Frequency of Church Attendance Increasing Among Australian Christians Led by Gen Xers

NCLS Research, a reputable Australian organization renowned for conducting studies on church health and community connections, presented the impact of spirituality on communities of faith from their 2021 survey in a webinar held early this month.

The webinar, entitled “What Australians Think About Jesus And The Church Today,” was held on June 9 and particularly discussed the results of the 2021 Australian Community Survey. The Australian Community Survey is conducted online every four years originally but have become annually since 2018.

ABC reported that the 2021 survey was released in December and pointed out that the survey suggested “Australians are as unbelieving as mainstream media.”

During the webinar, NCLS Research Director Dr. Ruth Powell presented a historical overview of Christianity in Australia where religious affiliation declined in the last 100 years. Only 52% of Australians identify as Christians as against more than 80% a century ago. Data showed that 30% of Australians had “no religion” and 8% identified with “other religions.” This data is comparatively parallel to a decline in church attendance since the 1950s.

But if one would look at the data in the last three years since 2019, Powell highlighted, one would see a steady increase in church attendance, especially among the young adults or the Gen Xers of today (aged 18 to 34 years old). The director emphasized that 2021 data on church attendance revealed that it has returned to pre-pandemic levels. This translates to two in 10 Australians or 21% attending religious services at least once a month. Young adults comprise 32% of this attendance, which is the highest among the age groups. The least attendees are the Baby Boomers or those in the age group of 65 years and above.

Broken down by frequency, 40% of Gen Xers never attend religious services, 15% attend less than once a year, 13% attend once or several times annually, 15% attend once to thrice a month, and 17% attend weekly or more. While 52% of Baby Boomers never attend religious services, 18% attend less than once a year, 11% attend once or several times annually, 2% attend once to thrice a month, and 17% attend weekly or more.

A good ratio of Gen Xers also tried getting involved in the church with three in every ten among their age group. While a total of two in every 10 Australians tried to get involved in the church in the past five years.

Despite their lack of presence in the church, Powell said Baby Boomers “hold the mic” when it comes to the narrative of what Christians are, which is mostly negative. This is reflected in the Baby Boomers’ lack of church attendance. Powell compared this with the attendance of young adults and pointed to possibilities of missed or overlooked opportunities by leaders.

The survey also focused on Australians’ responses to the following questions: “Do you believe in God?”, “How familiar with the Christian faith?”, “Was Jesus a person of history?”, “Was he human or divine?”, and “Did Jesus rise from the dead?” The results showed that 55% of Australians believe in God or on a higher power–24% believe “there is a personal God” and 31% believe “there is some sort of spirit or life force.” While 24% “don’t really think there is any sort of spirit, God, or life force” and 21% “don’t really know what to think.”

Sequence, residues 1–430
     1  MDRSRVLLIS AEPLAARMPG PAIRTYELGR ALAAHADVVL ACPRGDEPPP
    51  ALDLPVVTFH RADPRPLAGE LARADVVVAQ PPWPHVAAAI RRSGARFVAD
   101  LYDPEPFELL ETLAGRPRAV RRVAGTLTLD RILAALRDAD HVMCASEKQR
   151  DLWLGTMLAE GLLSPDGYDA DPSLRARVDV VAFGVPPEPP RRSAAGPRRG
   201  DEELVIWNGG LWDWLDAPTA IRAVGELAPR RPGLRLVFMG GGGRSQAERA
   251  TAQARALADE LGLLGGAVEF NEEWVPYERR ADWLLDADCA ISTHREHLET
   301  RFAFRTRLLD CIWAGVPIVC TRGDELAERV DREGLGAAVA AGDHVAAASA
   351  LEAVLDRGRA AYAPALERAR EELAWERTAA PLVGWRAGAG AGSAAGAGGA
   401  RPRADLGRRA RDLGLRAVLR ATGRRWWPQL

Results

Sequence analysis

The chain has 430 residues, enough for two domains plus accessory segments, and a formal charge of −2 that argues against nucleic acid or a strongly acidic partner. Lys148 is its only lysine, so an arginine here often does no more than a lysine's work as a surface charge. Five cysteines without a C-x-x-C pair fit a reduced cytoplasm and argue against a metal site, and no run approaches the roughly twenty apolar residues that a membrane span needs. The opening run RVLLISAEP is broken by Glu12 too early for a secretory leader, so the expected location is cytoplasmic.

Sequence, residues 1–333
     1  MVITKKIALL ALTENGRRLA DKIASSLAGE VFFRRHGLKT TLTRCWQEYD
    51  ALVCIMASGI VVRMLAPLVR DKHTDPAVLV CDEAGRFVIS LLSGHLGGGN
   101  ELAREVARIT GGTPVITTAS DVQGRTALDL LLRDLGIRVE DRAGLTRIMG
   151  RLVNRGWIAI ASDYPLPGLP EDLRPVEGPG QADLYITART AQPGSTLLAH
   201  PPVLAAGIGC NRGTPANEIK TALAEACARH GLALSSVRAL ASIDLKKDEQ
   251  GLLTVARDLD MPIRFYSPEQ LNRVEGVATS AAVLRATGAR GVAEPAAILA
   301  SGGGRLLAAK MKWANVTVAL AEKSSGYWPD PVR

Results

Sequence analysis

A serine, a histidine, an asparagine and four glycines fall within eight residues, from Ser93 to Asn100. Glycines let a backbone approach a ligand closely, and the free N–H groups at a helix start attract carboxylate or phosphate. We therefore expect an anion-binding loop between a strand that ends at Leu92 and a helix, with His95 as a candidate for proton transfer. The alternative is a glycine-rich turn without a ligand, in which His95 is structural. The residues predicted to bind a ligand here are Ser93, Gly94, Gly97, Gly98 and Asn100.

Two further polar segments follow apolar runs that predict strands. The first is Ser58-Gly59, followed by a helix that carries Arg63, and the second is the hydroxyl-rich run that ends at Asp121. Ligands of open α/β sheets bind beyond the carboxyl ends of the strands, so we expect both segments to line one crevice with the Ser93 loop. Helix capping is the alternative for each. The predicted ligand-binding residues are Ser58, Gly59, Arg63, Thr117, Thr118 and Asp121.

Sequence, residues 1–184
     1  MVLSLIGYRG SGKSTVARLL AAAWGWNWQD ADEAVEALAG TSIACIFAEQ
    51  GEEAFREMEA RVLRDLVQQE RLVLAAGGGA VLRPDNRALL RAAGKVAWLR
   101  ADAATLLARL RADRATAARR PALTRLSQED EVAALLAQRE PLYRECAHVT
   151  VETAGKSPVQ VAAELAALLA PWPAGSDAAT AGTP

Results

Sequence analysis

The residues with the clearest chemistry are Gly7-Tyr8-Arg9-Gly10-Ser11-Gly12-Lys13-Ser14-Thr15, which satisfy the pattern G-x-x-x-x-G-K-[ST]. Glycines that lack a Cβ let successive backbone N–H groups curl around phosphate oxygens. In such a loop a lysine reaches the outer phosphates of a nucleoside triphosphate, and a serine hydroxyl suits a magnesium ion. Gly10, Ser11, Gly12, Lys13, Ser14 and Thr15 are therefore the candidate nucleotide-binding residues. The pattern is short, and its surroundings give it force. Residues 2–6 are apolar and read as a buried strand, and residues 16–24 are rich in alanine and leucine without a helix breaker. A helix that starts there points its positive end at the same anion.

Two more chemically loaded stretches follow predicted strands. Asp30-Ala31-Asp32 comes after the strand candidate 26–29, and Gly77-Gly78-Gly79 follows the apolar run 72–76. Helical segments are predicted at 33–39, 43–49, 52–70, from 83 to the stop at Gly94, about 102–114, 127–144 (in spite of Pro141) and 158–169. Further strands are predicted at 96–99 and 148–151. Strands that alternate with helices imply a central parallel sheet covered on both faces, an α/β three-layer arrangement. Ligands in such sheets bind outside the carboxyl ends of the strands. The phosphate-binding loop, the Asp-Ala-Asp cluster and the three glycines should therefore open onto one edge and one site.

On Australians’ view of Jesus, 56% have familiarity with the Christian faith and 44% have little or no familiarity at all. This means 22% have a strong understanding of the teachings and values of Christianity, 34% are familiar with most of the teachings and values of Christianity, 22% have limited knowledge of some of Christianity’s values and teachings, and the remaining 22% say they have little or no familiarity with Christianity.

Almost half or 49% of Australians believe–a majority of whom are Baby Boomers–that Jesus was a real person or that he actually lived and 29% don’t know whether he did. While 22% believe Jesus was only a fictional or mythical character. Powell raised that this is a point for reflection on the knowledge gap about Jesus and the Christian faith, especially among young Australians. She said another point of reflection is the low acceptance of orthodox Christian beliefs.

Despite the low results, 44% of Australians acknowledge and agree that religion is good for society. This result is higher than the 38% in 2020, the 41% in 2019, and the 33% in 2018. An interesting result is that majority of those who agree are Gen Xers. NCLS Research said the data means that Australians have regained a more positive outlook on the influence of the Church, which was marred by historical abuse.

As per Christian Today, Olive Tree Media CEO Karl Faase also spoke in the webinar and pointed out the tension between Australians’ perception of Christianity and its reality. Faase said “those with an agenda both inside and outside the Church” push the misconception of the Church’s failure. He differentiated this perception of the Church as a whole against Australians’ positive perception of Christians they personally know. He concluded that there is a need to clarify the identity of a Christian.

“The word ‘Christian’ actually needs to mean something, and we need to help people understand what it means, we need to define and communicate what it means to be a Christian,” Faase said.

Reporting from Christianity Daily.